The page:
France looks to tax measures for deficit reduction
France revealed its latest attempts to allay investor fears over the country's high debt and deficit levels on Wednesday, with tax measures dominating.
Tax changes account for the majority of the EUR11 billion ($16 billion) austerity package, with reform of the application of capital gains tax and the reining in of various tax breaks among the headline changes.
"The tax measures amount to EUR10 billion, against the overall austerity budget of EUR11 billion," said Nicolas Jacquot of Taxand France.
French government has decided that enough is enough and that the nation's debt levels need to be brought under control. Fears of a downgrading of the country's triple A credit rating have also reinforced this.
Prime Minister Francois Fillon said: "Our country cannot live beyond its means forever. We have passed the threshold of tolerance on debt."
The latest reforms will have a profound impact on businesses.
"Businesses are among the taxpayers which will contribute the most to the austerity budget, especially with two measures - loss carry forward and capital gains on disposal of shares - which amount to EUR1.8 billion," said Jacquot.
The impact on businesses is expected to continue with further provisions set to be installed.
"Many will fear that other measures targeting businesses will be adopted during the course of the Parliament debate," said Jacquot. "There is, for instance, a significant debate on the deductibility of interests. We can expect that this is not the end of the story for businesses."
Capital gains tax
In 2007, the participation exemption previously applicable only to dividends was extended to capital gains on participation shares. Under the exemption, 95% of the gains derived from the disposal of qualifying shares were exempt from tax. The remaining 5% was deemed to correspond to the expenses incurred with respect to the participation, and is taxable at the normal rate of 34.43%.
"With the changes announced, only 90% of the gains will be exempt from tax, and the remaining 10% will be taxed in the normal manner," said Jacquot. "The participation exemption regime is highly criticised in France, because of its supposed cost. But government wants to maintain the principle of exemption as it is a common regime within the EU. Hence this proposal, which appears to be a compromise."
The measures already announced this Wednesday were also intended to promote harmonisation of the French and German corporate tax systems, something which French President Nicolas Sarkozy and German Chancellor Angela Merkel have been pushing for.
"The measure on loss carry forward is 'copied and pasted' from the German regime - though some German rules are put aside, for instance as regards the transfer of shares - and presented by the French government as a promotion of harmonisation of French and German corporate tax systems," said Jacquot.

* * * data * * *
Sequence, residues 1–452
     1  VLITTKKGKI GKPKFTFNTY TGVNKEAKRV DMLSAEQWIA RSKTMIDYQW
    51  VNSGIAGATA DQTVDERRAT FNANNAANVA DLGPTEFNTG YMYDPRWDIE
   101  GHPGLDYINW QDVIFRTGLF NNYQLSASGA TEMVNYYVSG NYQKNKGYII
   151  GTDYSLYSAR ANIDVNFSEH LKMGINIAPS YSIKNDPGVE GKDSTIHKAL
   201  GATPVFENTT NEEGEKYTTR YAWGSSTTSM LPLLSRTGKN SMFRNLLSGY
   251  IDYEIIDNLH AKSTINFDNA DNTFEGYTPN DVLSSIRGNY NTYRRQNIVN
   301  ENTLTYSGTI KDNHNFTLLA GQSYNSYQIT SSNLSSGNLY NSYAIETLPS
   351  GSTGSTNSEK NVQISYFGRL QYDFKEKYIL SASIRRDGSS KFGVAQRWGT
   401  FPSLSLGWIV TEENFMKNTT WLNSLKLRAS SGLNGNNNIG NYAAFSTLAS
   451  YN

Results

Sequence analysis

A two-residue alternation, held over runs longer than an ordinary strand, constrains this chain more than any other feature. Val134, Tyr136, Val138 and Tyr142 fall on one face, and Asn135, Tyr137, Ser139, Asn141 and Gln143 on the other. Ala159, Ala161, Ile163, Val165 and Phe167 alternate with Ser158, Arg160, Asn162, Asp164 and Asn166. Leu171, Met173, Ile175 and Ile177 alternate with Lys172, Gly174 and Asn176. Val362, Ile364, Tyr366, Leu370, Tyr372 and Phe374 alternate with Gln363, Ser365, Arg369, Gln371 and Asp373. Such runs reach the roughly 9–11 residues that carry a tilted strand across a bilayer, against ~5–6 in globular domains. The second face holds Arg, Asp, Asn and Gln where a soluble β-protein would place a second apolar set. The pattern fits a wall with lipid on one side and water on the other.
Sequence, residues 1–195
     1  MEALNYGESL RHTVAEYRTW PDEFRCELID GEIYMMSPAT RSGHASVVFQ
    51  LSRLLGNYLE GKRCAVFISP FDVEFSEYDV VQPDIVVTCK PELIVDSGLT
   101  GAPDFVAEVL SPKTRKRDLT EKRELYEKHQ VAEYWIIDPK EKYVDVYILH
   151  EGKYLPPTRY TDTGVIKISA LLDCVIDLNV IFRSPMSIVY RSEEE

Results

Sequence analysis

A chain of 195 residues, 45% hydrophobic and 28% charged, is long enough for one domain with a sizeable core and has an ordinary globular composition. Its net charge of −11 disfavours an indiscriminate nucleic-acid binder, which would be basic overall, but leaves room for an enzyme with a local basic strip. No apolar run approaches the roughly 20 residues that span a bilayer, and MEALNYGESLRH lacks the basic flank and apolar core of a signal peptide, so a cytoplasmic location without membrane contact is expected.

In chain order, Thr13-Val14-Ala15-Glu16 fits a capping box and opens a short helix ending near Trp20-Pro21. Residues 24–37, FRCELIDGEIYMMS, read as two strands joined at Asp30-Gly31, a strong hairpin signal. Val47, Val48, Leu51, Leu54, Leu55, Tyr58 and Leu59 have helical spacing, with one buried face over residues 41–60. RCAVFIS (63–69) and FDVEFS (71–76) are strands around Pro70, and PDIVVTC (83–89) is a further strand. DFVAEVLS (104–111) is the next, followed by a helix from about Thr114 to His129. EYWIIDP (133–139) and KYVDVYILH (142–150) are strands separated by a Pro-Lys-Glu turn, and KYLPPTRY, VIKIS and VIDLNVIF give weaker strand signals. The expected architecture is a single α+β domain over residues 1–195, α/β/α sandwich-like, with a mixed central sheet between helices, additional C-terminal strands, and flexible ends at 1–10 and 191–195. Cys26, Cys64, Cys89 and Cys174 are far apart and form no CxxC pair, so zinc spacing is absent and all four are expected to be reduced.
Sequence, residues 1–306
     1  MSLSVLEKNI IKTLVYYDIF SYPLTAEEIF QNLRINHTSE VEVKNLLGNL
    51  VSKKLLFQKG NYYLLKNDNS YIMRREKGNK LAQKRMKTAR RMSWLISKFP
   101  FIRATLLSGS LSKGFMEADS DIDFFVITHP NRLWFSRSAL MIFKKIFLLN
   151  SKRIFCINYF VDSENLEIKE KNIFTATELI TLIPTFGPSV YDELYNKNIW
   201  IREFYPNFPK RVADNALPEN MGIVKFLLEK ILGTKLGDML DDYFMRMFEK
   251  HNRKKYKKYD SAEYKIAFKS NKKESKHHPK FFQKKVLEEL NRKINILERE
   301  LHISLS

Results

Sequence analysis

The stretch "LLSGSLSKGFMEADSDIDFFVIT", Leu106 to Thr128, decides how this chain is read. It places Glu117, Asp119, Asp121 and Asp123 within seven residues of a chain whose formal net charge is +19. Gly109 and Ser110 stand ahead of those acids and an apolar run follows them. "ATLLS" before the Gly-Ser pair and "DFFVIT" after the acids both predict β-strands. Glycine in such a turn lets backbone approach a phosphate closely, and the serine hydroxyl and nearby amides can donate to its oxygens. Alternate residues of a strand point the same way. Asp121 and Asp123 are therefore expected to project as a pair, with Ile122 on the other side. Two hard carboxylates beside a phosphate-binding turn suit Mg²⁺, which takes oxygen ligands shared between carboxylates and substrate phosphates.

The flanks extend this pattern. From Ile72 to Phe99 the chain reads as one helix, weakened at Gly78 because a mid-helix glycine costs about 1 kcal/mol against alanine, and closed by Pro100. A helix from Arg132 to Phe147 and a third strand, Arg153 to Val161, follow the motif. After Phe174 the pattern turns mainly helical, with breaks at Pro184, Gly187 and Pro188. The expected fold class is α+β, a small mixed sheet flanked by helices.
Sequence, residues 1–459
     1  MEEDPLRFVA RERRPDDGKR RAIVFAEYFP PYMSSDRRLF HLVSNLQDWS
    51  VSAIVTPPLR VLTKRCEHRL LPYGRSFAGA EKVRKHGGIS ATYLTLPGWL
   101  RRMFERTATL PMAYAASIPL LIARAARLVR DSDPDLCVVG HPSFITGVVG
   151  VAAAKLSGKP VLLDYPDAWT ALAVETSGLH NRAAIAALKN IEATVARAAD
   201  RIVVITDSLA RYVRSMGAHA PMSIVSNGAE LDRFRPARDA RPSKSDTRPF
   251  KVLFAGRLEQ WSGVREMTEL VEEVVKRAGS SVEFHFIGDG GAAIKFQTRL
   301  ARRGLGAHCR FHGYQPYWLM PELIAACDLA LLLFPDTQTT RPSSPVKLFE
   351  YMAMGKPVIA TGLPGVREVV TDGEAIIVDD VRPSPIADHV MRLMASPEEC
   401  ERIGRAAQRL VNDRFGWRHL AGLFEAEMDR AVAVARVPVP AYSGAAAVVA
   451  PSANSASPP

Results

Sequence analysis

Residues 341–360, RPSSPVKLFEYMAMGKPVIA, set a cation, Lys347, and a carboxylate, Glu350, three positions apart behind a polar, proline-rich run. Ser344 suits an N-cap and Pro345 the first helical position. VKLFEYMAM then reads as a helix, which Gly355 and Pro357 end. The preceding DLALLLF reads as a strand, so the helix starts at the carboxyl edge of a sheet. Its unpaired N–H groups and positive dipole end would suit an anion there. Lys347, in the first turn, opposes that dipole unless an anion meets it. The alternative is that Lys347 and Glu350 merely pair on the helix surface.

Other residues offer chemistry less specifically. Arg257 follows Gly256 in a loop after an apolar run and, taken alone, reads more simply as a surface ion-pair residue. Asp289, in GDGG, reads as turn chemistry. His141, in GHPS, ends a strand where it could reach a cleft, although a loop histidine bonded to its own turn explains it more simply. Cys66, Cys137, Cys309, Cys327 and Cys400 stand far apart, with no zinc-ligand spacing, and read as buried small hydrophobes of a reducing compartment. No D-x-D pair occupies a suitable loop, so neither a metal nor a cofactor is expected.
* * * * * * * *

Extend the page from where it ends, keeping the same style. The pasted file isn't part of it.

But despite using German blueprints for some aspects of new legislation, France has ignored other German provisions.
"What the French government forgets is that Germany lowered the corporate tax rate, [whereas] France has now one of the highest in the EU at 34.43% plus the local business tax, and [Germany also] has specific competitive tax regimes - on goodwill for instance," added Jacquot.
Tax breaks repealed
On top of tax increases for wealthy individuals - prompted by pleas from the CEOs of 16 French companies including L'Oreal, Societe Generale, Total and Air France, for government to take more taxes from them, much as Warren Buffett recently urged the US government to do - and an increase in the tax on cigarettes and alcohol, tax breaks given to companies incurring a loss have been limited.
"In France, losses may be carried forward indefinitely and corporate taxpayers have the option to carry losses back against undistributed profits realised upon the three preceding financial years," said Jacquot. "With the changes announced on Wednesday, the loss carry-back period will be only one year and the loss carry-forward will be limited to EUR1 million of net income in a given year without restriction and any remaining loss will only be set off against up to 60% of the net income exceeding this limit."
"This is the end of one of the main tax advantages of the French tax system, but it is not a return to the law applicable to 2004 when carry-forward was restricted to five years," he added.
More to follow...
Nicolas Jacquot, Taxand France
First published on the ITR, 26 August 2011
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